“Sainthood is the fruit of the Holy Spirit. All Christian virtue and holiness is the work of the Holy Spirit…If we truly participate in Him, the Lord’s virtues will become our virtues, for He has worked the fulfillment of the human person in the image and likeness of God. And what is more characteristic of Christ than His self-emptying love for all who suffer the degrading consequences of sin?...The ultimate test of our souls is whether we have united ourselves to Christ such that His love permeates every dimension of who we are from the depths of our souls to how we treat our neighbors.” (Father Spyridon Baily, Fr. Philip LeMasters)

“For Christian thought, the movement towards virtue was easily taken up in the understanding of the Christian life as a constant transformation into the image of Christ, the true incarnation of the virtuous person.” (Father Stephen Freeman)

“We cannot produce virtue ourselves; but we can choose to obey the promptings of the Holy Spirit who lives in us.” (Foundation Study Bible, 2 Peter 1:5)

“True virtue never appears so lovely, as when it is most oppressed; and the divine excellency of real Christianity, is never exhibited with such advantage, as when under the greatest trials.” (Jonathan Edwards)

“Good men avoid sin from the love of virtue: Wicked men avoid sin from a fear of punishment.” (John Wesley)

“At the root of every vice is a lie, a distortion of the truth. On the other hand, those activities rooted in truth produce virtue. The eight virtues corresponding to the eight vices are self-­control, purity, charity, peacefulness, spiritual mourning, zeal, modesty, and humility. These virtues are the natural expressions of our willful desires that the vices unnaturally pervert…The most evil vice is always the perversion of the most excellent virtue.” (Kevin Scherer, Father Thomas Hopko)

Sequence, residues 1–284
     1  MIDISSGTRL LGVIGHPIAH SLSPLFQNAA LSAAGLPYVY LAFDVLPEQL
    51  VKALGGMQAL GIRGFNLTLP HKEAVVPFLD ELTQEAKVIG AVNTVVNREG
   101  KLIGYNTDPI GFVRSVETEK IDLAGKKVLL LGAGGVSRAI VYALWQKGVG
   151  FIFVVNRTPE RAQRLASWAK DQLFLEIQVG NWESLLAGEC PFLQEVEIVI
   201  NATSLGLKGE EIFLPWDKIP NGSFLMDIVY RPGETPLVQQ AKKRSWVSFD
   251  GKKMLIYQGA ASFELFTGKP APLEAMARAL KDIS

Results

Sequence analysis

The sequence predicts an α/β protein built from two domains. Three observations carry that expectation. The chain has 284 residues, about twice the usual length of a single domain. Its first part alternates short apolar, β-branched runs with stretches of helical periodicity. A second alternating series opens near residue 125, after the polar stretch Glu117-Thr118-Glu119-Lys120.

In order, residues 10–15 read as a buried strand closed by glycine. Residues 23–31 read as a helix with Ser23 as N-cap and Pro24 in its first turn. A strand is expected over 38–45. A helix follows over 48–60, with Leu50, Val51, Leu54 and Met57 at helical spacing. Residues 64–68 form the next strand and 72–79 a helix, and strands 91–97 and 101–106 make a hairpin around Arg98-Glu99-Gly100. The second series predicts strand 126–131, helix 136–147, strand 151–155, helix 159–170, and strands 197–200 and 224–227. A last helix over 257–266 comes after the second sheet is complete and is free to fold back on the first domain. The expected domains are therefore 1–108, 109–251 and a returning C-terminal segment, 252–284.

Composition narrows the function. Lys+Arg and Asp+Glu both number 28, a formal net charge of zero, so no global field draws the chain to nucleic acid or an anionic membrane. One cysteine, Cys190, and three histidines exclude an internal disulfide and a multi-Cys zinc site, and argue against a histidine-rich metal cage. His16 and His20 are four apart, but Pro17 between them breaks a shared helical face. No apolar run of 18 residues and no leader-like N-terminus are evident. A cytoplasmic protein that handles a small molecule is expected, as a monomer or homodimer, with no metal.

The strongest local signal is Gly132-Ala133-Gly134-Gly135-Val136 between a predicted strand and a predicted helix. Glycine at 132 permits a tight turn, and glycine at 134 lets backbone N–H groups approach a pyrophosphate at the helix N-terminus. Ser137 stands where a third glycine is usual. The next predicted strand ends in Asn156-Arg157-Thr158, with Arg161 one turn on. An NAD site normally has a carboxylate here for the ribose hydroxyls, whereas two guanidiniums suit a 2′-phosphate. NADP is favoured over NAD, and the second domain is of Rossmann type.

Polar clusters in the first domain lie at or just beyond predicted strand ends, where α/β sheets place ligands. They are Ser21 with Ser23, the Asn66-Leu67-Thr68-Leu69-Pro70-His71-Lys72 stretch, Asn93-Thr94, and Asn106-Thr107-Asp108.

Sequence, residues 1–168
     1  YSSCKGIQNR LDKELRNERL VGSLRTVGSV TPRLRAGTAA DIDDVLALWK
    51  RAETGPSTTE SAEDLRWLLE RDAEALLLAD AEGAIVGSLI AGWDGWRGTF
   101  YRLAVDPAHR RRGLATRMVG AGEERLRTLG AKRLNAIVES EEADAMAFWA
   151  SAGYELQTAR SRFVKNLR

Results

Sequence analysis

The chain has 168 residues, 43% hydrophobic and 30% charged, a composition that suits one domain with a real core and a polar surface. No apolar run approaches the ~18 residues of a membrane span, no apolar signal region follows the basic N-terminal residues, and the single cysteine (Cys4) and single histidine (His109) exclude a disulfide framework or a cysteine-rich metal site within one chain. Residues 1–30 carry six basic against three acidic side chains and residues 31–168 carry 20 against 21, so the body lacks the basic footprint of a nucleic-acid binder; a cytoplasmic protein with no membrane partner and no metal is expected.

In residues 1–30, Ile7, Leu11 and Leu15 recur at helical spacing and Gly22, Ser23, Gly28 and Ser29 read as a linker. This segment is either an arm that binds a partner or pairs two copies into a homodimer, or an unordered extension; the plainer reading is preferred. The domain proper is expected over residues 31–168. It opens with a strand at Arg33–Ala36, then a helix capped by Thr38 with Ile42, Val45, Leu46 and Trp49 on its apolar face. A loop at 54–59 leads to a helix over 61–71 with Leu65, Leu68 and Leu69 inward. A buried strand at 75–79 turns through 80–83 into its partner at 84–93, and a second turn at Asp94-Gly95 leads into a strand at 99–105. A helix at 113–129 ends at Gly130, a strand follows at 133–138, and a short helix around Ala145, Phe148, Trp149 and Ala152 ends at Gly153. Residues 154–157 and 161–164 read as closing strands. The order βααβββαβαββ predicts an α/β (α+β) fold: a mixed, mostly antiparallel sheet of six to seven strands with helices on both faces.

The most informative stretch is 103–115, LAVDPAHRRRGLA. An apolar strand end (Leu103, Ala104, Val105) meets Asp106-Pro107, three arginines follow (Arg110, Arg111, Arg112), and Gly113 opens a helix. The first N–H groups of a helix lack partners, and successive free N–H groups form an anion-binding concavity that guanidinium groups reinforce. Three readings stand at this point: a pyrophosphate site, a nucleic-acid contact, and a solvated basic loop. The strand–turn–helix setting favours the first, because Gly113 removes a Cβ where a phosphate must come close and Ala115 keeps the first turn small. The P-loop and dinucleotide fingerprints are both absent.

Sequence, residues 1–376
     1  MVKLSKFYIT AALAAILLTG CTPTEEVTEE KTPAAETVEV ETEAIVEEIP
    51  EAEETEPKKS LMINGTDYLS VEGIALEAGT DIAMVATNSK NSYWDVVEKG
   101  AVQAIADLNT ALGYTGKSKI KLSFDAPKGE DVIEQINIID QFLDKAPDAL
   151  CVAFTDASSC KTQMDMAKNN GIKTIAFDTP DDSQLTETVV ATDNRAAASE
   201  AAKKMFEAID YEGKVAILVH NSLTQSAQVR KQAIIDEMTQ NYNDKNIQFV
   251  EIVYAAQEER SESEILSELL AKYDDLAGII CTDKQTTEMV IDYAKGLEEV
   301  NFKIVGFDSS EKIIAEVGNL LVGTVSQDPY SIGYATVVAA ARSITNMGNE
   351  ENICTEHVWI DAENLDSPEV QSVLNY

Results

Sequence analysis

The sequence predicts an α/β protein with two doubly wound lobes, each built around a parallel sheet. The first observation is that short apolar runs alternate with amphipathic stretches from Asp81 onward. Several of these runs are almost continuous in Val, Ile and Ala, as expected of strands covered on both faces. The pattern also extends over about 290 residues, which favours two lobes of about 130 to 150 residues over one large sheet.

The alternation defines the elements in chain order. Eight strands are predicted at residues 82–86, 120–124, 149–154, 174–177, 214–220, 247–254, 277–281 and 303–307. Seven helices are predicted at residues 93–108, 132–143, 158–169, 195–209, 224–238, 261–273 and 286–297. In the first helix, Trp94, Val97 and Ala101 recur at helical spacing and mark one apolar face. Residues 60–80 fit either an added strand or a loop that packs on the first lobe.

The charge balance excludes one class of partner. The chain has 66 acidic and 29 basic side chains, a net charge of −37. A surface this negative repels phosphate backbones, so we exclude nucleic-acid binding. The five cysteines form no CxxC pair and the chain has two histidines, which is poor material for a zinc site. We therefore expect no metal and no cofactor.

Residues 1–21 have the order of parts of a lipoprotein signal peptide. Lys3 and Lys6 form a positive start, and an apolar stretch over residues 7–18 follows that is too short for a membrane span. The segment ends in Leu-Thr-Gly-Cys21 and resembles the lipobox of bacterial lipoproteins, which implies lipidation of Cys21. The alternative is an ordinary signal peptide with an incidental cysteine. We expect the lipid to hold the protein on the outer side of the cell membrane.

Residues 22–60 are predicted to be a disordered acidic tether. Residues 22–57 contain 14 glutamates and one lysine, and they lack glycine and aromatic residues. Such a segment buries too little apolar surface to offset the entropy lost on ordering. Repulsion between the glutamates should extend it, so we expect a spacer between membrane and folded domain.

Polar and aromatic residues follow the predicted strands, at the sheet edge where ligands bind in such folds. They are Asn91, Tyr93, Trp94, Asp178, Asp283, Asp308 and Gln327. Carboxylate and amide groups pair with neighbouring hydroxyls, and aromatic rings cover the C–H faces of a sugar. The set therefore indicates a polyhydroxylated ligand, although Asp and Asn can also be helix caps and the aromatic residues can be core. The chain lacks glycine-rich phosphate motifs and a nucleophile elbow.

“Virtue is never mere virtue, it is either from God, or through God, or in God…Whoever pursues true virtue participates in nothing other than God, because he is himself absolute virtue.” (Meister Eckhart, St. Gregory of Nyssa)

“Virtue is a stable and utterly dispassionate state of righteousness. Nothing stands opposed to it, for it bears the stamp of God, and there is nothing contrary to that. God is the cause of the virtues; and a living knowledge of God is realized when the person who has truly recognized God changes his inner state so that it conforms more closely to the Spirit.” (St. Maximos the Confessor)

“…each person has an intrinsic value and importance in virtue of his or her unique relationship to God.” (Rev. Thomas Fitzgerald)

“Every act and every word of our Savior is a guide for holiness and virtue. For this reason He became human, so that in images He may depict both holiness and virtue for us…For this reason he bears a body so that we may imitate His life.” (St. Basil the Great)

“The Bible says God is love. This is not a definition of who God is, but rather describes His relationship to us…When we love, we reflect God…The ability both to give and to receive, love is the constant and unending reciprocal exchange of what is ours, one to the other. This is at the heart of our effort, of the Christian life. I hope that love, the eternal virtue, will remain our constant motive, in that "God is love." My prayer is that true love will be both our source and our goal, our means and our end.” (Sacramental Living, Orthodox Study Bible, 1 John 4:7-11, Sdn. Jeremiah Vollman)